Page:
Previous studies have focused on the negative impact of video games in young people, such as depression or aggressiveness. However, the present study analysed data on a larger scale on the cognitive development of the adolescent brain in 2,217 children, the Adolescent Brain Cognitive Development study (ABCD study), funded by the American Institutes of Health (NIH).

Researchers reviewed participant responses, cognitive test results, and brain imaging of approximately 2,000 children between the ages of 9 and 10, divided into two groups: those who never play video games and those who play them every day for three or more hours.

This was the duration chosen because it exceeds the American Academy of Paediatrics recommendation of one or two hours of video games per day for older children.

Both groups had to perform the same two tasks. In the first, arrows pointing left or right were shown to the children, who had to click on the corresponding button as quickly as possible.

For the second task, the youngsters were shown a first face and then a second, after which they had to say if they belonged to the same person, this time to test their working memory, a short-term memory.

After correcting some related statistical biases, such as parental income, I.Q., and mental health, researchers found that children who played video games consistently obtained better results on the tasks.

During the tests, children's brains were observed using specific imaging techniques. The brains of the children that played video games showed more activity in areas associated with attention and working memory. "The findings raise the interesting possibility that video games provide a cognitive learning experience with measurable neurocognitive effects," conclude the study.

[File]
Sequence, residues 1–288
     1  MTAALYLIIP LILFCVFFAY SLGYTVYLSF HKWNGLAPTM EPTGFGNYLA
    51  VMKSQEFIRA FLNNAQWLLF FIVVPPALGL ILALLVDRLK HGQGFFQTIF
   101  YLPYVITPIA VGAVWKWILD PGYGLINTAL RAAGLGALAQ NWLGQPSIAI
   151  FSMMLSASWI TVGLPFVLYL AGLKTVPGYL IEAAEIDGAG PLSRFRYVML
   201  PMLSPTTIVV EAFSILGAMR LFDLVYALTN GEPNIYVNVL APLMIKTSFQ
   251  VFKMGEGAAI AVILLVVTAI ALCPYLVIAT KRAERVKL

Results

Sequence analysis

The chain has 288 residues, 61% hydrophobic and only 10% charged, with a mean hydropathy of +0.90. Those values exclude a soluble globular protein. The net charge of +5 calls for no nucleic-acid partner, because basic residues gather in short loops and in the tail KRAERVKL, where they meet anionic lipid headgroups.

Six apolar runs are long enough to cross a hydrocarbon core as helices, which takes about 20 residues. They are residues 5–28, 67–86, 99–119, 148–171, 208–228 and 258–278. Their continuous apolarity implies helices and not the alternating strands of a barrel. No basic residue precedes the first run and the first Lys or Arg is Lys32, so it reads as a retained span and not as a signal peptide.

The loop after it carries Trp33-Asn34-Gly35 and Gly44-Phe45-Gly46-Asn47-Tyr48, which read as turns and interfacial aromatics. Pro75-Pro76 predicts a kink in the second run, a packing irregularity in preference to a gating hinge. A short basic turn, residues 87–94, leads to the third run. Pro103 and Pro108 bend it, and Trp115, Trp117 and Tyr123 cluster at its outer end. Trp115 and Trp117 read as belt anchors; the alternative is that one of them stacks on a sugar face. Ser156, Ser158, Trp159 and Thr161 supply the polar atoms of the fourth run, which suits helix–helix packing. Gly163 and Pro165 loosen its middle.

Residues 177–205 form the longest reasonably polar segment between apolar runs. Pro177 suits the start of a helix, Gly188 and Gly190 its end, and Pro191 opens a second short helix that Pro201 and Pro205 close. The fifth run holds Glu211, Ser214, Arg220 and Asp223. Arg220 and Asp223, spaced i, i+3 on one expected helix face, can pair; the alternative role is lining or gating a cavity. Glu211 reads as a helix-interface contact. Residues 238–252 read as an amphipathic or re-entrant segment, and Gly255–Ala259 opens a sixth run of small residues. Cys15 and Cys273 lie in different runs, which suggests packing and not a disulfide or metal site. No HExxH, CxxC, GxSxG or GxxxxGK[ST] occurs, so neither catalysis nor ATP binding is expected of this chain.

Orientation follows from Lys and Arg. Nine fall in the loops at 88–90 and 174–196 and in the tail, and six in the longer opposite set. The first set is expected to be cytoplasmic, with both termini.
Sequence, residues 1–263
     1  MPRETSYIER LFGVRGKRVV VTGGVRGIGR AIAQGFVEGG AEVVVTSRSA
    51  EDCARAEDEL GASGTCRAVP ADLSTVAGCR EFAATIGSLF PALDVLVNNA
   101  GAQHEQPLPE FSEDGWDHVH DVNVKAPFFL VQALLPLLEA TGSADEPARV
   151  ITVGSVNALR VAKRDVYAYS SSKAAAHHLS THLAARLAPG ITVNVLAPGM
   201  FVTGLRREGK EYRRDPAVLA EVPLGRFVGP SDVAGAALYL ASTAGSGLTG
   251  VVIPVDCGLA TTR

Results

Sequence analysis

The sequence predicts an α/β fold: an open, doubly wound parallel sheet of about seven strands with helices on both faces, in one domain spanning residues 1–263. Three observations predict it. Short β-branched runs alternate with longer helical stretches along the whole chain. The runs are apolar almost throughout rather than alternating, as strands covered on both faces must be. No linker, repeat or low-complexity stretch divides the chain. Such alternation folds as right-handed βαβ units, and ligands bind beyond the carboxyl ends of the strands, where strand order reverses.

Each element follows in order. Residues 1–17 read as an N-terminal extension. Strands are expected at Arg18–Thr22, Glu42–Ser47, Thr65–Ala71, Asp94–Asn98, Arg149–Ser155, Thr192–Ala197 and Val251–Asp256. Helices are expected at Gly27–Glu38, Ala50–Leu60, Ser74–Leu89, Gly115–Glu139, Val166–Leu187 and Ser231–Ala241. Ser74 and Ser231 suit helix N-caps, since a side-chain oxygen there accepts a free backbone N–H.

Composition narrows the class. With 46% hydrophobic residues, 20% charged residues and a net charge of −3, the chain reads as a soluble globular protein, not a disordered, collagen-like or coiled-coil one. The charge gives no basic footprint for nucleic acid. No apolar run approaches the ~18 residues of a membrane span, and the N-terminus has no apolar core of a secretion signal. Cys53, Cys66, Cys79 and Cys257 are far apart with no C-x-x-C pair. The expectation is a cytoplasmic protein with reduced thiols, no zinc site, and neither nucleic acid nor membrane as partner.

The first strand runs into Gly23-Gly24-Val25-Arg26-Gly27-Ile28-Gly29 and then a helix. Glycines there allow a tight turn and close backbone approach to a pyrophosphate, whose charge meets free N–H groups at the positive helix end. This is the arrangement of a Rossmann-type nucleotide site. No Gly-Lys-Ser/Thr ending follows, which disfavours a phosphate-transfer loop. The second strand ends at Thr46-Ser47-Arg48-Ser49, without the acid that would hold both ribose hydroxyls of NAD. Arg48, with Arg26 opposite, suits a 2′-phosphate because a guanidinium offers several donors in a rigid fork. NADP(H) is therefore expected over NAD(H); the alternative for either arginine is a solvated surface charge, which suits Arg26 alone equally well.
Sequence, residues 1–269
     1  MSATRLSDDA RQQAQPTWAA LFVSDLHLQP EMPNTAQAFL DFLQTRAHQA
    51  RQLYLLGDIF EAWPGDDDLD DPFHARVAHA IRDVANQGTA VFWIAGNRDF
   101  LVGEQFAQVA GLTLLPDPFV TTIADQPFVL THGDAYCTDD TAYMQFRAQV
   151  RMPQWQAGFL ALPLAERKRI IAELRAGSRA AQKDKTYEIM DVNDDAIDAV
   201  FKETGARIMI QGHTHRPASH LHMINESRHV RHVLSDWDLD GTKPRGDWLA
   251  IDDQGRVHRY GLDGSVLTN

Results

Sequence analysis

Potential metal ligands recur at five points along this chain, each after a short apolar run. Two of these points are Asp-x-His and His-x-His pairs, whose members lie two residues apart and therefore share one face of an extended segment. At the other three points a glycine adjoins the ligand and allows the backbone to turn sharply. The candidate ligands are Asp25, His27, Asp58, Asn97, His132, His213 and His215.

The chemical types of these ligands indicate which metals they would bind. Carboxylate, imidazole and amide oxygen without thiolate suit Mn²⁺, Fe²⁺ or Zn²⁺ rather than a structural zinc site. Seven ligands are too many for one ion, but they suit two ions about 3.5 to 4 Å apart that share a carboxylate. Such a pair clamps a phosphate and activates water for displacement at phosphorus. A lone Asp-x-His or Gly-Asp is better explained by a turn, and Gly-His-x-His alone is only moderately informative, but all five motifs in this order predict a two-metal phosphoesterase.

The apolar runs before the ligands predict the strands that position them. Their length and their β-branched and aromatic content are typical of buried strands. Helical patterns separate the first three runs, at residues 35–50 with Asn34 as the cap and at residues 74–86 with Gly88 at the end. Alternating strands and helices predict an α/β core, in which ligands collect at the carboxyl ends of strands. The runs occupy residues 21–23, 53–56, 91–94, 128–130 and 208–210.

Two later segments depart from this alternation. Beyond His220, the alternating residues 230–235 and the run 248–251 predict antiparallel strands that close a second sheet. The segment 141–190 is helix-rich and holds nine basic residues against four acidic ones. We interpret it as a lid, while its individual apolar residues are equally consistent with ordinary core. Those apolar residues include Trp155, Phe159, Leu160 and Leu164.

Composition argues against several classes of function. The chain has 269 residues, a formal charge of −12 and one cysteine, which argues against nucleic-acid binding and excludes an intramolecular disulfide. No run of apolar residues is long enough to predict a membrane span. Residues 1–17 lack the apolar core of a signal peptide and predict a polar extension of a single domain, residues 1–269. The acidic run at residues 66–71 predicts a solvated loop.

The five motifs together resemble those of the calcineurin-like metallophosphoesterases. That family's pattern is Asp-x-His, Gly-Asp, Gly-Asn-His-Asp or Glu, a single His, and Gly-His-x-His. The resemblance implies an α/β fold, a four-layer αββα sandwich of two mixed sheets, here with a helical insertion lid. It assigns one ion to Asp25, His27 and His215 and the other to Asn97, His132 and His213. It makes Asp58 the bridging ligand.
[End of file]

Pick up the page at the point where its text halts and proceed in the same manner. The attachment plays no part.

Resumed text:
However, it is still not possible to know whether better cognitive performance leads to playing for longer hours, or if it is the fact that playing for longer periods improves the performance in the children observed.

For these and other answers, the study is expected to continue, to allow more structured information and conclusions to be collected when these children are older. The continuity of the work will also correlate with other variables that may interfere with these preliminary results, such as the children's home environment, physical activity, and sleep quality.

Excessive screen time is obviously bad for mental health and physical activity, mention researchers, but study results show that the time spent playing video games may be better than the same period of time watching videos on YouTube for example, which has no detectable cognitive effects.

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